June 5, 2009


Filed under: Weblog — swann @ 1:37 pm

I am grateful to my friends Matthias, Tim, Supermann and the rest of the DMY crew that they have made possible this festival. In a way what they are doing reminds me of the objectives of DMP: designing an open marketplace where creators, producers and end-users can exchange value (in the form of physical or digital goods and services).


Some time ago Iepe asked me to speak at the Pechakucha DMY special. Last night I had the chance to learn how it feels to stand in front of an audience of 500. Well… that’s an interesting experience… I recognized that I was not born to be a performer…anyway, you can check out the online presentation.


Two photos of my favorite things can be found here. This is another little contribution to the DMY festival.

March 13, 2009

Value is Action, Credit is Energy

Filed under: Weblog — swann @ 8:40 pm

My interpretation of Chris Cook’s paper Knowledge-based Value and Intellectual Property is that value is a quality a human being feels when he or she receives a good or a service (= Wealth). Since people have different perceptions value is utterly subjective and an objective measure for the Value of Wealth can not be found without further ado. At the same time it would not be so bad if an absolute measure for Value existed, because it could be used compare the value of different goods or services on an open market.

Chris suggested to peg the measure for the Value of Wealth to an International Carbon Unit (ICU). One ICU is defined as the greenhouse effect caused by burning 100ml n-octane at the temperature of 20 degrees centigrade. This unit quasi pegs the value of goods and services to the survival of mankind. The ICU unit has the physical quality of energy (measured in Joule).

Although I like Chris’ approach I do not think that energy is a measure for Value. As said, Value is relative to the subject (a human being) and it also depends on what the subject wants to achieve in any moment. If a human does not want to achieve anything he rests and exchanges few energy with the exterior world. When he starts out to achieve an aim a human needs energy and time.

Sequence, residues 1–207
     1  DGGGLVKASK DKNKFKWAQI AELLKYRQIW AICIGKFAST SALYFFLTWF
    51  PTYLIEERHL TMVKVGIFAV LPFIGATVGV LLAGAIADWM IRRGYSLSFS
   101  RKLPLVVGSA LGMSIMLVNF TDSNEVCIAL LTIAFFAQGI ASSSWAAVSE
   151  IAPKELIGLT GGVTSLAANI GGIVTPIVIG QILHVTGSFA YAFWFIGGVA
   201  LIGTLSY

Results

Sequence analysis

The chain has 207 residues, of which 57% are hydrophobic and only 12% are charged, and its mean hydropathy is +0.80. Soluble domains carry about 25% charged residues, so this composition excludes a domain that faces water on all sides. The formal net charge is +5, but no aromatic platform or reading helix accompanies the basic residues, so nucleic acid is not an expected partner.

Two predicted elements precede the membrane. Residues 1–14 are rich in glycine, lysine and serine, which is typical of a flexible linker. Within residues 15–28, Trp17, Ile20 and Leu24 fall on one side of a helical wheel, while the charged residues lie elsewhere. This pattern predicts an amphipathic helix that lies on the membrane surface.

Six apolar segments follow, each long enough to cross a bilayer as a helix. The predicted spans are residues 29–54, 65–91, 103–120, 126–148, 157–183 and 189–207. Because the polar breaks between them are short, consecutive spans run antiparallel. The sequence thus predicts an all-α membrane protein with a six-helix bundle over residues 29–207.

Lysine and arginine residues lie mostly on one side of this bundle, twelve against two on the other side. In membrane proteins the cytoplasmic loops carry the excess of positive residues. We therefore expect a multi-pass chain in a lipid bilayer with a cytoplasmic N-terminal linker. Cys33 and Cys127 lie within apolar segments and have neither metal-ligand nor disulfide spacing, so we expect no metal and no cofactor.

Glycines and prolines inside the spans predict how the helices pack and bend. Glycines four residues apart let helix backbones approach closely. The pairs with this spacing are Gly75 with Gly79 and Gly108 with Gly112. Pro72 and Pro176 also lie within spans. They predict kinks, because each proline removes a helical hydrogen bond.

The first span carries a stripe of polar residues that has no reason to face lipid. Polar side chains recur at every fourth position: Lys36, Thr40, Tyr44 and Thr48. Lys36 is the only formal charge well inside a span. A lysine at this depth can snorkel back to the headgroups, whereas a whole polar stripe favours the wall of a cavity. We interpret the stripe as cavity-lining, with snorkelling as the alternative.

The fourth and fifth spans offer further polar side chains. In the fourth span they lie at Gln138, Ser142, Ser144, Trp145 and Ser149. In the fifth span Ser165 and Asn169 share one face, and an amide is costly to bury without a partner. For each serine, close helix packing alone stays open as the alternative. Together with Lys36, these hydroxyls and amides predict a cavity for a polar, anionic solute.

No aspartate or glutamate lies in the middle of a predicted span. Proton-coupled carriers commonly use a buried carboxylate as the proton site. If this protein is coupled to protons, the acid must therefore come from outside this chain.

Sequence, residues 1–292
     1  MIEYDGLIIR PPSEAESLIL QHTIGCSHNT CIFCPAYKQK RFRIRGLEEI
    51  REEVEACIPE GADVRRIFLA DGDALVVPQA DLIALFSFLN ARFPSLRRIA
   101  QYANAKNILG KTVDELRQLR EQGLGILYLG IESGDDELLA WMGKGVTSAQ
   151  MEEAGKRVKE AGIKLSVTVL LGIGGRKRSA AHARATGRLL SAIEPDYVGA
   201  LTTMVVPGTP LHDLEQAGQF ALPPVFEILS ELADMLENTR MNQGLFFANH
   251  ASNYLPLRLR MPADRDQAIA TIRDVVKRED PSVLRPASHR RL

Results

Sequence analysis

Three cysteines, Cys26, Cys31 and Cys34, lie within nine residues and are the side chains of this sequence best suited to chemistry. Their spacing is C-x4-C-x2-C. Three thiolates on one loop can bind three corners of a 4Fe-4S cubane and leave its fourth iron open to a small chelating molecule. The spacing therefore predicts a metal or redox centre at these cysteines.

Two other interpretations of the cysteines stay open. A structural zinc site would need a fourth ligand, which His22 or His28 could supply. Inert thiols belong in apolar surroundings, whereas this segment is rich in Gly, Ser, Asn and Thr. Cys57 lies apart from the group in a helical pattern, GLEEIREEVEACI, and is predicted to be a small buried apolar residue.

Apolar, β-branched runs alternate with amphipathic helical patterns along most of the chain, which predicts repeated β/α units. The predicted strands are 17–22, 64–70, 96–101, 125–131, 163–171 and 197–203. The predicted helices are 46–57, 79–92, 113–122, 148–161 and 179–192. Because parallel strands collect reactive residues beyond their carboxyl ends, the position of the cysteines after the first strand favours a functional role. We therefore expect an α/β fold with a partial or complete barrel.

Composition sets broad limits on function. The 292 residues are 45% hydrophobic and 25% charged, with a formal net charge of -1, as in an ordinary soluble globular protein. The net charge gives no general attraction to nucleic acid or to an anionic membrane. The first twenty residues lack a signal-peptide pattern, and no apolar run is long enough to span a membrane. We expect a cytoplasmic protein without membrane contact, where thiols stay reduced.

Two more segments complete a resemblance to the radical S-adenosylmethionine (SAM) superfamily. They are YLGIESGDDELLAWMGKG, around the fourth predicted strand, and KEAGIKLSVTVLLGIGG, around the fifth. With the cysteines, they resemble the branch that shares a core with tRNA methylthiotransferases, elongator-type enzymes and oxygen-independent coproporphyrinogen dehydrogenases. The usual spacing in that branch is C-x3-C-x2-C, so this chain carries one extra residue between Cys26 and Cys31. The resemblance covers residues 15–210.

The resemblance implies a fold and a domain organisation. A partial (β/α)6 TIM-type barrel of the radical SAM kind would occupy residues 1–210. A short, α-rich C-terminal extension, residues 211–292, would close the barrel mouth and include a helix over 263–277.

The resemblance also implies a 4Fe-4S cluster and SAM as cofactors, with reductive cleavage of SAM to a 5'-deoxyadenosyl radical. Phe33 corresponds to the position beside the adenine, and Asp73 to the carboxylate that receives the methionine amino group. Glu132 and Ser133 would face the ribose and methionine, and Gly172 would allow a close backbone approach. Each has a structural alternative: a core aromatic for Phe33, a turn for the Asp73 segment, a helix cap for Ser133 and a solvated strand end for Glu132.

Each action a human performs on her way to achieve an aim costs time and energy. The physical quantity Action has the unit energy times time.

Action (aim) ~ Energy * Time [~ := proportional]

A thinking and economically acting human being will minimize energy and time and therefore act in accordance with the Hamiltonian principle of least action.

Tools (e.g. a bike, a hammer,…) and Services (e.g. support by another human) can considerably reduce the amount of energy and time needed to achieve an aim. An intelligent human will therefore use that Tool and that Service which minimize the Action to achieve a given aim:

Value (Tool) ~ Action (Tool) - Action (aim)

Hence the Value of a Tool would be maximal whose Action is maximal. Like the Action necessary to achieve an aim the Action of a Tool could be pegged to the physical quantity energy times time (measured in Joule * sec).

Value has the physical quantity energy * time

My assumption is: as long not all humans want to achieve the same aim (e.g. survive through avoiding climatic disaster) not only energy but also time is a measure for value. This goes in accordance with the XEG definition of Transaction: a process by which Wealth is exchanged between two parties. If one subject provides a service to another subject the value of the service only exists in the relationship between the two subjects.

Value (service) ~ Action (service) - Action (aim)

Some forms of Value (goods) transferred between humans are physical matter and can be “stored” in space. Other forms of Value are logical (e.g. words) or digital (e.g. data). Those forms of Value (services) may save time (e.g. the information where the train station is) and thus reduce the Action to achieve an aim. However, it is not trivial to “store” these forms of Value in space.

Credit is time to pay. A subject who wants to achieve an aim may need Value (in the form of a good or a service) now. A Credit can save time to achieve an aim.

Credit (aim) ~ Value (aim) / time

Credit has the physical quantity energy

 XEG Entity            phys. quantity        unit